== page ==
An impressionistic view of why quantum computers are needed for exact solutions of the electronic structures of large molecules: as basis sets (the information needed to describe the orbital states of each particle in the system) grow, the calculation time increases, exponentially in the case of classical computers (red) but only polynomially in the case of quantum computers (orange).
Researchers in the Department of Energy’s Lawrence Berkeley National Laboratory and the University of California at Berkeley have simulated the process by which a quantum computer could calculate to high precision an important basic property of two small molecules. Simulated quantum calculations of the ground-state energies of water (H 2O) and lithium hydride (LiH) are the first of this kind ever done for specific molecules.
Alán Aspuru-Guzik, Anthony Dutoi, Peter Love, and Martin Head-Gordon report on their work in the 9 September issue of the journal Science. Head-Gordon is a staff scientist in Berkeley Lab’s Chemical Sciences Division and a professor of chemistry at UC Berkeley; Aspuru-Guzik is a postdoctoral fellow and Dutoi a graduate student in the Head-Gordon group. Love is a senior applications scientist on the staff of D-Wave Systems, Inc. in Vancouver, B.C.
The researchers developed a quantum-computational algorithm and ran it on a classical computer to demonstrate that quantum computers comprised of only tens or a few hundreds of quantum bits (qubits) could calculate significant information about real molecular systems to high accuracy. Thus a relatively small quantum computer could surpass the most powerful quantum-chemistry calculations possible with today’s classical supercomputers.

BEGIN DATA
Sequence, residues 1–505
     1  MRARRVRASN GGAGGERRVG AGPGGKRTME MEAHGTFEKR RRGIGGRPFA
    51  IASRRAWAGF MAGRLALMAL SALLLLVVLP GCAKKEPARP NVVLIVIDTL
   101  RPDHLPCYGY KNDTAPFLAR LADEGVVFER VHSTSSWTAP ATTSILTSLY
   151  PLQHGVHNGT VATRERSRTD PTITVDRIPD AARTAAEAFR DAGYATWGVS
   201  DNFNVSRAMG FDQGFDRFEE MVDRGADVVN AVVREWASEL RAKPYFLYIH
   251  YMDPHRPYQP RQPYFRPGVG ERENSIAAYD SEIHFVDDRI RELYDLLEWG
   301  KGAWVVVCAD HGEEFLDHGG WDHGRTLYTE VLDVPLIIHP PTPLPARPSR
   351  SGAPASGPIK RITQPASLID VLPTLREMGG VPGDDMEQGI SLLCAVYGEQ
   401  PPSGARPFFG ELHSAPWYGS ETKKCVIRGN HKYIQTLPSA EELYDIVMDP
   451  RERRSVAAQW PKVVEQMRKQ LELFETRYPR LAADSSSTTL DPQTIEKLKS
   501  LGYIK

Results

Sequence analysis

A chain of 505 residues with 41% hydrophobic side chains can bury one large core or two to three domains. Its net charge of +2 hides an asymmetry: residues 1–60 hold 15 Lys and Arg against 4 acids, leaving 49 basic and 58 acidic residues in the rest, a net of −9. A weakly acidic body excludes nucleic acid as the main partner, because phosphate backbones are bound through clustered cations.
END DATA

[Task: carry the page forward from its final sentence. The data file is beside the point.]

Paul Preuss | EurekAlert!
Astronomers find unexpected, dust-obscured star formation in distant galaxy
24.03.2017 | University of Massachusetts at Amherst
Gravitational wave kicks monster black hole out of galactic core
24.03.2017 | NASA/Goddard Space Flight Center
Astronomers from Bonn and Tautenburg in Thuringia (Germany) used the 100-m radio telescope at Effelsberg to observe several galaxy clusters. At the edges of these large accumulations of dark matter, stellar systems (galaxies), hot gas, and charged particles, they found magnetic fields that are exceptionally ordered over distances of many million light years. This makes them the most extended magnetic fields in the universe known so far.
The results will be published on March 22 in the journal „Astronomy & Astrophysics“.
Galaxy clusters are the largest gravitationally bound structures in the universe. With a typical extent of about 10 million light years, i.e. 100 times the...
Researchers at the Goethe University Frankfurt, together with partners from the University of Tübingen in Germany and Queen Mary University as well as Francis Crick Institute from London (UK) have developed a novel technology to decipher the secret ubiquitin code.
Ubiquitin is a small protein that can be linked to other cellular proteins, thereby controlling and modulating their functions. The attachment occurs in many...
In the eternal search for next generation high-efficiency solar cells and LEDs, scientists at Los Alamos National Laboratory and their partners are creating...
Silicon nanosheets are thin, two-dimensional layers with exceptional optoelectronic properties very similar to those of graphene. Albeit, the nanosheets are less stable. Now researchers at the Technical University of Munich (TUM) have, for the first time ever, produced a composite material combining silicon nanosheets and a polymer that is both UV-resistant and easy to process. This brings the scientists a significant step closer to industrial applications like flexible displays and photosensors.
Silicon nanosheets are thin, two-dimensional layers with exceptional optoelectronic properties very similar to those of graphene. Albeit, the nanosheets are...
Enzymes behave differently in a test tube compared with the molecular scrum of a living cell. Chemists from the University of Basel have now been able to simulate these confined natural conditions in artificial vesicles for the first time. As reported in the academic journal Small, the results are offering better insight into the development of nanoreactors and artificial organelles.
Enzymes behave differently in a test tube compared with the molecular scrum of a living cell. Chemists from the University of Basel have now been able to...
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